"For us 'play Play-Doh' is the perfect activity for when Mom is walking out the door. We start playing when she is packing her bags, before she starts to say good-bye. Making shapes, rolling balls, squeezing the Play-Doh, or cutting out numbers in the Play-Doh. The key is for the child's mind to focus on the fun they are having and not the sadness of the parent leaving."

4. When All Else Fails - Go Outside! In truth there is something undeniably relaxing and calming for a child when they get outside, whether for a walk, a ride to the park, or a few minutes of bird watching. Granted this is harder when you have more than one child, but it is doable. If you are having daily tantrums when Mom and Dad leave, ask if there is a possibility of you leaving on a walk first with the kids. Sometimes you being out of the house while the morning transition happens is easier for everyone too.

"When I first started watching Bear we had more rough mornings than not. Not only was he transitioning from having his Momma home all summer to her headed back to work and a new Nanny (me) - someone he had only met once before, but he also had a new baby brother, one that although really well behaved took attention from Bear. Almost daily walks by the water became our sanity. Not only was the fresh air, new sights, and his favorite bird watching good for him but the exercise was great for my mental and physical health."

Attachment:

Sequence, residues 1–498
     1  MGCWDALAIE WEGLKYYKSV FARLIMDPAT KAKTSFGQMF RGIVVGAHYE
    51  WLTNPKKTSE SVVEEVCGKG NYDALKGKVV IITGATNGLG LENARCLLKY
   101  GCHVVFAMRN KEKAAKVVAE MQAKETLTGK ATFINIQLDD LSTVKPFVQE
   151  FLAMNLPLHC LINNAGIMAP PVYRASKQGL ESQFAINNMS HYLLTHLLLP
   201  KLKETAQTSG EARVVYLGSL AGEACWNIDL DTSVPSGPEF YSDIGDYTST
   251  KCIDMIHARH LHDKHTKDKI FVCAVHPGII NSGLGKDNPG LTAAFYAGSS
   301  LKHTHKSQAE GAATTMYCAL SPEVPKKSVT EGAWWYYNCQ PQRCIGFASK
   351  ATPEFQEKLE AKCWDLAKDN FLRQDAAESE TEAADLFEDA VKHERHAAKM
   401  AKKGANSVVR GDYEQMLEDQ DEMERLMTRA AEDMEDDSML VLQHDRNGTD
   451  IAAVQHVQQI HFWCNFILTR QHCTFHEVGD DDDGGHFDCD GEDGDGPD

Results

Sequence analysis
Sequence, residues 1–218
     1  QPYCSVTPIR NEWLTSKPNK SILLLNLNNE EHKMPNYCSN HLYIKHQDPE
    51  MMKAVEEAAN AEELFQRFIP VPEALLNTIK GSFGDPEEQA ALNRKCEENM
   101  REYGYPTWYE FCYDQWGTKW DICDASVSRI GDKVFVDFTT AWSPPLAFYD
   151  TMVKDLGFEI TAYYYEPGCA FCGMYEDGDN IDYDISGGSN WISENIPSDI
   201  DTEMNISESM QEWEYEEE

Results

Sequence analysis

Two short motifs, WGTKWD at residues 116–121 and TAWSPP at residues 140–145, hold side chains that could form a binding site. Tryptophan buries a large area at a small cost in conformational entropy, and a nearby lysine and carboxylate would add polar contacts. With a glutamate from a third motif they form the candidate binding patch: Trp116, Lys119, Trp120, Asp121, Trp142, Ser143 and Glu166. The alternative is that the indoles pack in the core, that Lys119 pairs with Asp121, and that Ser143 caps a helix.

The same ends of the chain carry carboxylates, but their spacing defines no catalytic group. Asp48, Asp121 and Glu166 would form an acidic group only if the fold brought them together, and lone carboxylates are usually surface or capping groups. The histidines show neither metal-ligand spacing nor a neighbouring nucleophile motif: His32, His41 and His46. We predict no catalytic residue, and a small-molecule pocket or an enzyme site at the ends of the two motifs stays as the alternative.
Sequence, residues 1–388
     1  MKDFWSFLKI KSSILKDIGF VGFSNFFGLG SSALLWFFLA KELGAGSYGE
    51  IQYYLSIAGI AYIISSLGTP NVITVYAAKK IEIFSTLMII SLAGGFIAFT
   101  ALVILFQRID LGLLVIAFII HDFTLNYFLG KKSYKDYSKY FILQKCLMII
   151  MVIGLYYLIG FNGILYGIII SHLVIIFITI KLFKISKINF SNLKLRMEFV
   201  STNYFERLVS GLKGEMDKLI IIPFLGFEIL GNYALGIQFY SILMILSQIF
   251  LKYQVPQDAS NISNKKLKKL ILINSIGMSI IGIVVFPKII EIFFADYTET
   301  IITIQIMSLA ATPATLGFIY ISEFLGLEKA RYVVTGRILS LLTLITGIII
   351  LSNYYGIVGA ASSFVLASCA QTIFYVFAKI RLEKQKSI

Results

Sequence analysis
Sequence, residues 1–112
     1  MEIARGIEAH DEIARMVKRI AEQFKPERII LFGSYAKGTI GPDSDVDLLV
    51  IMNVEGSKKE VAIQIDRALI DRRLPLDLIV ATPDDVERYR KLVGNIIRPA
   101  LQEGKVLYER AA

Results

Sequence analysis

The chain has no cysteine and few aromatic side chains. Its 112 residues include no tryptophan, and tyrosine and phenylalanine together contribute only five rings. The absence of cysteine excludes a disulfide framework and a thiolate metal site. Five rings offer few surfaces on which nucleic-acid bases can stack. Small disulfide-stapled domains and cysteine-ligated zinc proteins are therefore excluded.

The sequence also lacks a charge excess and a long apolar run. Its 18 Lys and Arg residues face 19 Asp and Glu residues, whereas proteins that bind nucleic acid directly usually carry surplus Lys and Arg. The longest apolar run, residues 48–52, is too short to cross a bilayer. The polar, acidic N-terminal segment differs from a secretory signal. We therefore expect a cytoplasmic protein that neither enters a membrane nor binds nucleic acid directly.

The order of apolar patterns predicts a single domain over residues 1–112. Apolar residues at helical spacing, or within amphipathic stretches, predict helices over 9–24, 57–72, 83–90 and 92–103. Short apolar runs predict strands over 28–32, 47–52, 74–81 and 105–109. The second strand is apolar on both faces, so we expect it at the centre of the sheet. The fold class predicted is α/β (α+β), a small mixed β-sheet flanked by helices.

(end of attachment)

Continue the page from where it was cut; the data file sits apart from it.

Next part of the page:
Note that none of these will work 100% of the time, they are just what have worked for others. Children are human beings, not machines.  Sometimes it is easy to expect A+B to always equal C when trying to implement new plans. When this thought process starts, stop and think if I were this child how would I feel, why would I be crying, and what would make me feel better?

What additional tips have worked for you and your NK during transition periods?

CECONNER © 3.31.2014

Friday, March 28, 2014

"Let Us Start at the Beginning, a Very Good Place to Start"

Really a Nanny Blog? Why would you want to do such a thing? You know you would need to keep up with it more than your other one? Who would read it? And what do you have to say that is important? What credentials do you have to write about being a professional nanny?

This conversation has been playing ping-pong in my head for a few months now. The truth is I am scared and don't want a back lash of angry people if every now and then I say something controversial. The topic's surrounding children and how to raise them tend to be the most sensitive, kids are the people closest to our hearts. Being really aware of that fact, know if you are going to follow me - I will sometimes say things, out of love, that you may not agree with. I am OKAY with that. There will be things you say I don't agree with too. If we are all on the same page that there are topics that it is okay to agree to disagree lets get on the fun Nanny Adventure!

Where It Began?